The Osceola judge who granted dismissal did the right thing.  After all, how can a man be sent to prison for something done to him while he was asleep?    The reason you’re reading this article is that the 5th District Court of Appeals didn’t agree, they overturned the dismissal and want the case to go in front of a jury, reasoning that “in this case, there is indisputable evidence of sexual intercourse between the defendant and his minor daughter as the act resulted in a child.  A jury could infer the necessary general intent from these facts and, thus, the State established a prima facie case of guilt for the crimes charged.” Griffin at 4.

So let me get this straight.  Remember the woman in Arizona who had a child in an assisted living facility while in a persistent vegetative state?   By the ‘general intent’ reasoning above, if the male who impregnated the assisted living patient was underage, she would be charged with the exact same crime as Griffin.  Obviously, she could not have formed any sort of intent to commit a crime lying unconscious.

The logic of the appellate court in Griffin is severely flawed.   When the court overturned Griffin’s dismissal because a jury “could infer the necessary general intent from these facts”, they ignored that general intent crimes imply that the action is taken knowingly and willfully or intentionally.  Yes, this is America.  We cannot send people to prison unless they commit a willful, intentional act.  See Polite v. State 973 So. 2d 1107 (Fla. 2007), Frey v. State 708 So. 2d. 918 (Fla. 1998), A.L. v. State, 675 So. 2d 703 (Fla. 3d DCA 1996), N.K.D. v. State, 799 So. 2d 428 (Fla. 1st DCA 2001), M.H. v. State, 936 So. 2d 1 (Fla. 3d DCA 2006).

In Griffin, there are only two eyewitnesses, the daughter, and the father.  Both eyewitnesses claim the father was incapacitated via sleep and medications.  You cannot form any sort of intent while asleep.  But as the saying goes, never let the facts–or the law–stand in the way of creating a sex offender.   The appeals court is sending Griffin’s case to a jury because they believe that “a jury could infer the necessary general intent from these facts.”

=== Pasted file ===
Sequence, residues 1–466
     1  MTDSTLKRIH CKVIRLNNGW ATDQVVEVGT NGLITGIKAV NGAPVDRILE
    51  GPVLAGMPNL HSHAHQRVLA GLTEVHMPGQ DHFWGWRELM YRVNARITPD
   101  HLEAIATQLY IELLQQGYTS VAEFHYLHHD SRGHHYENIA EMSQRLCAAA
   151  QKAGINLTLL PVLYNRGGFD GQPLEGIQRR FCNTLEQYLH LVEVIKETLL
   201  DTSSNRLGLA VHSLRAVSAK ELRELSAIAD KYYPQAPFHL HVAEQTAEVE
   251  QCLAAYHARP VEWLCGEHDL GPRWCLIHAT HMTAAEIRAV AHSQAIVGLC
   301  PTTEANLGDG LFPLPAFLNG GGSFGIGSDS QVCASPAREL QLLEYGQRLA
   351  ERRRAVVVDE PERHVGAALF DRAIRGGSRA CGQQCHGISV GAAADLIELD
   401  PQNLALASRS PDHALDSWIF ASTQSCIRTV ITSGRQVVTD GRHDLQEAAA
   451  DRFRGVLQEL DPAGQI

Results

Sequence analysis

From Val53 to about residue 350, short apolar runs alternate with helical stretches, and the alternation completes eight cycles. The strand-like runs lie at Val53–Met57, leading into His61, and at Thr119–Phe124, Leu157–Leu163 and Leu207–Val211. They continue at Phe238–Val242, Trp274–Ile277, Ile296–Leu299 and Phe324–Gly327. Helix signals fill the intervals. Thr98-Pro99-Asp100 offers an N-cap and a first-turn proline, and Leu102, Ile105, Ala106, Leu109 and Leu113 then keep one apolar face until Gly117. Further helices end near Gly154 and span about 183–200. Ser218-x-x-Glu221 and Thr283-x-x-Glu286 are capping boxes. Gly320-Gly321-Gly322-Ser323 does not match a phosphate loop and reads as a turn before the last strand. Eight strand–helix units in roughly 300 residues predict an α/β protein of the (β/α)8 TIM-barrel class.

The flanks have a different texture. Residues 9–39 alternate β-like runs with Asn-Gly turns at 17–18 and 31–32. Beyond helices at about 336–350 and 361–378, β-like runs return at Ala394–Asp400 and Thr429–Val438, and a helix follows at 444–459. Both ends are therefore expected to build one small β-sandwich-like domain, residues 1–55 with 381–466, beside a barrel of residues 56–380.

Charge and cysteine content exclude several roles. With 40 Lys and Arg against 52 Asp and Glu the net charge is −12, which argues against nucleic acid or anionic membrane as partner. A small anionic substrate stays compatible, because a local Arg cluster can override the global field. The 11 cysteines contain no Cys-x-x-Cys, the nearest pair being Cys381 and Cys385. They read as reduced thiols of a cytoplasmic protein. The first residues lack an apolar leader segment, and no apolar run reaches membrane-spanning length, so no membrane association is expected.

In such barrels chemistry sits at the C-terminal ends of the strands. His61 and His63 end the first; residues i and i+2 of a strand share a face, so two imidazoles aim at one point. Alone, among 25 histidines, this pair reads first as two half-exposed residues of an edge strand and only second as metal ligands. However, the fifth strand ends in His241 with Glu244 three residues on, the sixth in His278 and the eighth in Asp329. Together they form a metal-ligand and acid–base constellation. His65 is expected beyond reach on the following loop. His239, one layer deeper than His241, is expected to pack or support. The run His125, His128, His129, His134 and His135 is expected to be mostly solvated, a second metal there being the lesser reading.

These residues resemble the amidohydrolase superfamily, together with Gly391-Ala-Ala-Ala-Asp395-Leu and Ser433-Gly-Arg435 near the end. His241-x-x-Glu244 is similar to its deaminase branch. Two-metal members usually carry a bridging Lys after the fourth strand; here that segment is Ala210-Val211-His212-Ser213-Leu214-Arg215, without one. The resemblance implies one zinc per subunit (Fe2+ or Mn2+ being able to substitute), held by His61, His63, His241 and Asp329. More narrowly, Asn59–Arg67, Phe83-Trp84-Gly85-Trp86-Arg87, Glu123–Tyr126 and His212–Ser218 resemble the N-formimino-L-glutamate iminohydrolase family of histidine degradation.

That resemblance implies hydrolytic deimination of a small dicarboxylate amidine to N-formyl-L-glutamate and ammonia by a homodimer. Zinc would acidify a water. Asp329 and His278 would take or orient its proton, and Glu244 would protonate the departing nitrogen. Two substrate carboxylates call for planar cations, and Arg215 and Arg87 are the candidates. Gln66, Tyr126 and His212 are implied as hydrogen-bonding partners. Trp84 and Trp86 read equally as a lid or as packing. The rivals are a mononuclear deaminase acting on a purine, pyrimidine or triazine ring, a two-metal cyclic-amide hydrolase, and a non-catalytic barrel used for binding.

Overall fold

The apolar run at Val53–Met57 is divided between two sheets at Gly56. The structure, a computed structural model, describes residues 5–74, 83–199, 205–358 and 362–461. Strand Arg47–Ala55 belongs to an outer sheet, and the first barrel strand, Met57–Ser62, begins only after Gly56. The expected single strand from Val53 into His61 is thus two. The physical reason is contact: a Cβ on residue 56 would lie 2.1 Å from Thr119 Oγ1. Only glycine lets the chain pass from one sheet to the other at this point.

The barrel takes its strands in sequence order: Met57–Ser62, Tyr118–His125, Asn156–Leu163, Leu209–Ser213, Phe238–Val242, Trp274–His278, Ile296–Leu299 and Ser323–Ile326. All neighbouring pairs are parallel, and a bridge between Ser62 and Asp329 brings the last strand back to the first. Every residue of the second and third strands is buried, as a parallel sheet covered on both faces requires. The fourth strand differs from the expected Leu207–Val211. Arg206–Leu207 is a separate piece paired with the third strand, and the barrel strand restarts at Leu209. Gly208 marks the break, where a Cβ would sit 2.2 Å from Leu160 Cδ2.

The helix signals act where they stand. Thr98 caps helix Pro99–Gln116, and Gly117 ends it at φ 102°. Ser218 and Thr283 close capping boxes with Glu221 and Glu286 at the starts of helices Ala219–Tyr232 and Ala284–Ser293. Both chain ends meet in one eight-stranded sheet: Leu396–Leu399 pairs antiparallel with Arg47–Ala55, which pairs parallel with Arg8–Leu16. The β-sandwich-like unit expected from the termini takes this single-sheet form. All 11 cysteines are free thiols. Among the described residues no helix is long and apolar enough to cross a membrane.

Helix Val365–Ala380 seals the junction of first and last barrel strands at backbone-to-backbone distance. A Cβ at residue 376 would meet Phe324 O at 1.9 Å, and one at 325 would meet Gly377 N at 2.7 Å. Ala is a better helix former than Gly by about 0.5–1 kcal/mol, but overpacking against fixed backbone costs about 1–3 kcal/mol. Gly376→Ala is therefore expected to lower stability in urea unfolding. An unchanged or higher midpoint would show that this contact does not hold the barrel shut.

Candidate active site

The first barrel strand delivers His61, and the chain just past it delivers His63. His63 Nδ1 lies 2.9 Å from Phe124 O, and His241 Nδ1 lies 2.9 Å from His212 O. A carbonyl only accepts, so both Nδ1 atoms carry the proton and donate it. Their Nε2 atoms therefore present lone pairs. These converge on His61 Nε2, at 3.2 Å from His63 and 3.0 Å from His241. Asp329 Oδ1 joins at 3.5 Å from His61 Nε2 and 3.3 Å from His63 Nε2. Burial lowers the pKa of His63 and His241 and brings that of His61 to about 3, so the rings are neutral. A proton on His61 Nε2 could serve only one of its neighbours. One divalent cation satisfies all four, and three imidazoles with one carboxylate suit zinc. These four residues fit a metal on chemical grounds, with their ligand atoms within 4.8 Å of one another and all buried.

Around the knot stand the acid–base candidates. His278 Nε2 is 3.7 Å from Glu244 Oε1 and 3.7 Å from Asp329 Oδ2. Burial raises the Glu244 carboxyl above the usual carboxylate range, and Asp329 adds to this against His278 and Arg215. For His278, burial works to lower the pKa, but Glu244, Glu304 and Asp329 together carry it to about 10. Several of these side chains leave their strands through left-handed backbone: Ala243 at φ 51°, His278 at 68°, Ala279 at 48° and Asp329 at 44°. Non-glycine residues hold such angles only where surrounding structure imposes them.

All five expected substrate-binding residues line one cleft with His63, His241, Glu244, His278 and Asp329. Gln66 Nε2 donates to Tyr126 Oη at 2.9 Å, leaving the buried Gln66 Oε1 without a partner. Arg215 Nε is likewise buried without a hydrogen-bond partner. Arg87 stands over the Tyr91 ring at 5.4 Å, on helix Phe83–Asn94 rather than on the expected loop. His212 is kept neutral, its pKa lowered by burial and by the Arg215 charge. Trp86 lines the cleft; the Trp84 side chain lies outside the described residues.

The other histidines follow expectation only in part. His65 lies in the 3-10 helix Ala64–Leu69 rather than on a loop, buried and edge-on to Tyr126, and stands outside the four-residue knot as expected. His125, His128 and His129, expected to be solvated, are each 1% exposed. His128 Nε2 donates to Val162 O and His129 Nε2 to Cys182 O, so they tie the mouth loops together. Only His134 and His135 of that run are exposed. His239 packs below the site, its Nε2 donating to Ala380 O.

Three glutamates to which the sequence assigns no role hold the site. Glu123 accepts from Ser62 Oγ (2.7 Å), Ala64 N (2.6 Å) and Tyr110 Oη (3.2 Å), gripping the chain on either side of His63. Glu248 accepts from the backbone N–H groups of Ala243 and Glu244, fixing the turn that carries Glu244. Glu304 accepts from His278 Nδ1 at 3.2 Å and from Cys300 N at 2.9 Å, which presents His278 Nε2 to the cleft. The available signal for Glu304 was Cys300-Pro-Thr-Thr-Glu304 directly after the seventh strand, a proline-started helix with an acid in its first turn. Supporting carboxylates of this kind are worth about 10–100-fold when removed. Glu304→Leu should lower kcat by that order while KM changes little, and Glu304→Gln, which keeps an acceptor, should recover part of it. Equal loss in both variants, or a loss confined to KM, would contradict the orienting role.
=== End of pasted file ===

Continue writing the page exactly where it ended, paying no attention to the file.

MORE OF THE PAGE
Aside from the issues surrounding the law requiring a knowing or willful act, there are other problems with the Griffin decision.  What about “intention”?

We can gain a pretty good understanding of what intention looks like in battery cases because a battery must be an intentional touching, otherwise, it’s not a battery.

Some folks claim that “intent” issues cannot be addressed by a judge and must always go to a jury, but this is nonsense.  The case of Bonge v. State explores both intent and dismissal.  Bonge rescued his 94-year-old mother from a nursing home after discovering that they refused to take her to the hospital.  53 So. 3d 1231 (Fla. 1st DCA 2011)  Bonge took his mother to the emergency room against her will and was arrested for felony battery on a person over the age of 65.

Bonge’s motion to dismiss was just like the one in Griffin, except that Bonge’s motion was denied.  So, Bonge appealed–and they granted him dismissal–reasoning that battery is defined as when a person:

“intentionally causes bodily harm to another person.  Intent is an element of battery.  The intent to commit a battery is determined by the circumstances surrounding the touching or the striking of the victim.  Given the specific facts of this case, which were admitted by the State below, the State could not establish that Bonge intended to touch his infirm and elderly mother against her will when he lifted her from her wheelchair and placed her in his car for transport to a local emergency room.” Bonge at 1233.

How is the battery in Bonge any different than the battery in Griffin?

Judge Morgan’s dismissal of Griffin’s case should have been upheld by the District Court of Appeals.